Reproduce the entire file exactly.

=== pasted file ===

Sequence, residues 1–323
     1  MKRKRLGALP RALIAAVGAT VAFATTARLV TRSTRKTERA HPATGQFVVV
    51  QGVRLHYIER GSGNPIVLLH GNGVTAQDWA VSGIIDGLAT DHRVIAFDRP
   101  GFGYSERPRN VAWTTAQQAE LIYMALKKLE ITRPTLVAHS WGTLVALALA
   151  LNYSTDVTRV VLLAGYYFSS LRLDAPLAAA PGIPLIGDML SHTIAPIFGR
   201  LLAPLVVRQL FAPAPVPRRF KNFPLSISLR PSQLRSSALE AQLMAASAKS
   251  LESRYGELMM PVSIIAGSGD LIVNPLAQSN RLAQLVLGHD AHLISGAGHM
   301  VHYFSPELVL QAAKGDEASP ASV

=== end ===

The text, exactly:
Sequence, residues 1–323
     1  MKRKRLGALP RALIAAVGAT VAFATTARLV TRSTRKTERA HPATGQFVVV
    51  QGVRLHYIER GSGNPIVLLH GNGVTAQDWA VSGIIDGLAT DHRVIAFDRP
   101  GFGYSERPRN VAWTTAQQAE LIYMALKKLE ITRPTLVAHS WGTLVALALA
   151  LNYSTDVTRV VLLAGYYFSS LRLDAPLAAA PGIPLIGDML SHTIAPIFGR
   201  LLAPLVVRQL FAPAPVPRRF KNFPLSISLR PSQLRSSALE AQLMAASAKS
   251  LESRYGELMM PVSIIAGSGD LIVNPLAQSN RLAQLVLGHD AHLISGAGHM
   301  VHYFSPELVL QAAKGDEASP ASV